The world of The Iron Oath is grim, full of bloodshed and betrayal. I am leading a company of mercenaries, seeking revenge after a mission went bad and a man I trusted left me to die. I have practical concerns to deal with, like maintaining my influx of gold and supplies. But I also have a much slower, more dreadful resource to manage: the passage of time, and with it, the terrible toll it takes on my mercenaries. I’ve already learned the best way to adapt, though — by just being the absolute worst person, all of the time.
The Iron Oath will be, in some ways, very familiar to fans of strategy games and RPGs. You take a pinch of Darkest Dungeon, throw in some XCOM, and sprinkle in some Divinity: Original Sin. Cook it all in a pan with some gorgeous pixel animations, an epic musical score, a fantasy world constantly on the cusp of an apocalypse, and inventive demonic enemy designs, and baby, you’ve got a stew going.
As I adventure around the fantasy realm of Caelum, I have to navigate between the open world, cities and towns, dungeons, and individual battles. It would be easy for these things to blur together into an indistinguishable mush of numbers and goals, but developer Curious Panda Games introduces each layer of complexity gradually throughout a well-paced tutorial and the early hours of the campaign. There are also some wonderfully granular difficulty settings, so The Iron Oath can either be a relatively chill cakewalk or an unforgiving trek through hazardous territory.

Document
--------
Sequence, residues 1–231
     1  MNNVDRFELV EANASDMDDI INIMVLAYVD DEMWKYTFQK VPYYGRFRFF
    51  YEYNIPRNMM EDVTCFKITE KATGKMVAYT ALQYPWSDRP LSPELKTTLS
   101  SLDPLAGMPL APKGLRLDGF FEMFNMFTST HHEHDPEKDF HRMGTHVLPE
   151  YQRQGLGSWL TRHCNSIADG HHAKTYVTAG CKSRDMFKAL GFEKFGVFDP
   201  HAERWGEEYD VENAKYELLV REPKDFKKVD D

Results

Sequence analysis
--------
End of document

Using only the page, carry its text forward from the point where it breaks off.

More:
Luckily, the game gives me the tools to succeed in this dangerous world because the mercenaries at my disposal are powerful wizards, rangers, warriors, and elementalists. It’s deeply satisfying to unleash a charged electrical torrent on an enemy or have a valkyrie soar through her enemies, spear first. By the time I was out of the game’s intro and into the open world with my starting mercenary party, I felt pretty confident that I would be able to catch up to the ne’er-do-well who stabbed me in the back and get revenge.
Of course, nothing is ever that simple, and so my story branched out as I met other factions, explored new cities, and expanded my company. This is an early access game, but there’s still a good amount of meat on the bone. Players can upgrade and customize each mercenary in their party, and send their favorites out on more missions for XP. The drawback is that the more you lean on a select few mercenaries, the more stressed and injured they become. Keep relying on them, and they might just snap. Fail to treat their injuries, and they might die. Just like Darkest Dungeon, this is a rough gig. My company gets a round of ale once in a while, but they’re more often treated to skull fractures, trauma, and broken spines.
And even if you do everything “right,” the clock is ticking, as it is for us all. This isn’t a Fire Emblem title where everyone remains rosy-cheeked and bright-eyed; they eventually pass away. There are always new mercenaries to recruit, level up, and customize, and I can upgrade my company to make managing the crew easier … but as I juggle gold and potions, I learn to start treating human life with the same cold practicality. These aren’t my comrades — they’re investments.